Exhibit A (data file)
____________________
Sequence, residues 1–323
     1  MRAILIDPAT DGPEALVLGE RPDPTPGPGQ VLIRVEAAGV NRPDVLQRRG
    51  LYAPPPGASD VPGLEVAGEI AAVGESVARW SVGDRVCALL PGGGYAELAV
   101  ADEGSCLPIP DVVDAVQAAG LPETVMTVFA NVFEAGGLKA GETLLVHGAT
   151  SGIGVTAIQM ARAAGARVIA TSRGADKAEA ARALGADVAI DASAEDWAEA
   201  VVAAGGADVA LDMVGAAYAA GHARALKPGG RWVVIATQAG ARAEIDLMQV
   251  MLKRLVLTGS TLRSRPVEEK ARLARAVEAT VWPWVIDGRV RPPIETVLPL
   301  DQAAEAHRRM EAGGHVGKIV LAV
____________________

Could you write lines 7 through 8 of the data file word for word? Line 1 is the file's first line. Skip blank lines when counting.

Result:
   251  MLKRLVLTGS TLRSRPVEEK ARLARAVEAT VWPWVIDGRV RPPIETVLPL
   301  DQAAEAHRRM EAGGHVGKIV LAV